Jump to ContentJump to Main Navigation
Dwelling in the ArchiveWomen Writing House, Home, and History in Late Colonial India$
Users without a subscription are not able to see the full content.

Antoinette Burton

Print publication date: 2003

Print ISBN-13: 9780195144253

Published to Oxford Scholarship Online: January 2010

DOI: 10.1093/acprof:oso/9780195144253.001.0001

Show Summary Details
Page of

PRINTED FROM OXFORD SCHOLARSHIP ONLINE (oxford.universitypressscholarship.com). (c) Copyright Oxford University Press, 2021. All Rights Reserved. An individual user may print out a PDF of a single chapter of a monograph in OSO for personal use. date: 23 January 2022

HOUSE, DAUGHTER, NATION

HOUSE, DAUGHTER, NATION

Interiority, Architecture, and Historical Imagination in Janaki Majumdar’s “Family History”

Chapter:
(p.31) Chapter Two HOUSE, DAUGHTER, NATION
Source:
Dwelling in the Archive
Author(s):

Antoinette Burton (Contributor Webpage)

Publisher:
Oxford University Press
DOI:10.1093/acprof:oso/9780195144253.003.0002

This chapter begins by discussing Janaki Agnes Penelope Majumdar's family history. It then explains that family history is a commemorative practice that creates a very specific kind of archive. It describes Majumdar's “Family History” in the context of colonial Bengal as one that acts as a counternarrative to the family romance that underpinned elite discourses of nationalism in the nineteenth and twentieth centuries. It examines what this work of reconstruction meant in the context of 1930s Indian nation-building in the hands of a prominent nationalist's daughter who was bold enough to chronicle her family's history, and in the process, to reveal her own persistent desire for the elusive fiction of home. It aims to answer recent calls for attention to the role of remembering and forgetting in the “circuits of nationalist thinking” by regrounding the history of Indian Congress nationalism in the social life of “things” like house and home.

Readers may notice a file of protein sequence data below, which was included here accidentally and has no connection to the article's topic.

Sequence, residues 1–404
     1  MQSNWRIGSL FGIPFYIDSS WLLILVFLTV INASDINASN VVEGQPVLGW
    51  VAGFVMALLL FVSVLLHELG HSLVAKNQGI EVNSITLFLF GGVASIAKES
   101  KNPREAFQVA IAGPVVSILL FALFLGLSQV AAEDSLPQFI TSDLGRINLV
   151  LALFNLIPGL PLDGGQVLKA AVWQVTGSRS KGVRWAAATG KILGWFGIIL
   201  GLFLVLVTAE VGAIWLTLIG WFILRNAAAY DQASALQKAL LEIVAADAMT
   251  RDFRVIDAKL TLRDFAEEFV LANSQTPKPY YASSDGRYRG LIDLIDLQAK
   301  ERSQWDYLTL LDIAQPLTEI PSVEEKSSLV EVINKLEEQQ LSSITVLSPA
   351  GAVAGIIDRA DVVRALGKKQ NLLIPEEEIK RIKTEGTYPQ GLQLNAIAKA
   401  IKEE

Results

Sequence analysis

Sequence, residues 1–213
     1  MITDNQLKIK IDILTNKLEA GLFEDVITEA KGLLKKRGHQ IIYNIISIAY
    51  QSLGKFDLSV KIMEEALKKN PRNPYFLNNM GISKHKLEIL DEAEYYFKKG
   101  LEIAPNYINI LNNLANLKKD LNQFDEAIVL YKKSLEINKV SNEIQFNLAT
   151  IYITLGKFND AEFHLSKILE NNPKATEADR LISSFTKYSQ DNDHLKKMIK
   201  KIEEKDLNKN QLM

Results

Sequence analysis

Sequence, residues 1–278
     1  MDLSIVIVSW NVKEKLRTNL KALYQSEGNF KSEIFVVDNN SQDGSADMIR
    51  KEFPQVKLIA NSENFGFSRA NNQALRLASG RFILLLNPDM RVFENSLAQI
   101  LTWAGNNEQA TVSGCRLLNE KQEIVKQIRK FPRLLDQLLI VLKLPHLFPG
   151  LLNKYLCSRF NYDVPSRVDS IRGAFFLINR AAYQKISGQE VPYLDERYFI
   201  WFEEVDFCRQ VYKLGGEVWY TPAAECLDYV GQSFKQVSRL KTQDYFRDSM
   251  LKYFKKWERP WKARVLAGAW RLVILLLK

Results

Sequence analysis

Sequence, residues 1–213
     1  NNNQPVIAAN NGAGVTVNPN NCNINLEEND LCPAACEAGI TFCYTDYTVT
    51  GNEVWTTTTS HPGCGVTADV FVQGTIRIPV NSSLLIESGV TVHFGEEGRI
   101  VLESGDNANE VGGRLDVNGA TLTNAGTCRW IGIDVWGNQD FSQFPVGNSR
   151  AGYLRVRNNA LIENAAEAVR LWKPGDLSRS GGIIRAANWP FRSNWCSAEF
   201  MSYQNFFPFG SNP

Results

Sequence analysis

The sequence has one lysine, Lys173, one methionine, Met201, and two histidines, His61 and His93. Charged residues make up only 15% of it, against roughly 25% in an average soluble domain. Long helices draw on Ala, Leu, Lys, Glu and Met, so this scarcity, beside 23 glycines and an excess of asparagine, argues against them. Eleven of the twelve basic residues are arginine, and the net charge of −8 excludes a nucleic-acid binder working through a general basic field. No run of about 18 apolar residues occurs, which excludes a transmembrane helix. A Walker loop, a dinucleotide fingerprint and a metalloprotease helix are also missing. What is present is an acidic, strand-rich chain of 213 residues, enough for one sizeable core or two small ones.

Keywords:   family history, Janaki Agnes Penelope Majumdar, nationalism, nineteenth century, twentieth century, home, house, social life, nation-building

Oxford Scholarship Online requires a subscription or purchase to access the full text of books within the service. Public users can however freely search the site and view the abstracts and keywords for each book and chapter.

Please, subscribe or login to access full text content.

If you think you should have access to this title, please contact your librarian.

To troubleshoot, please check our FAQs , and if you can't find the answer there, please contact us .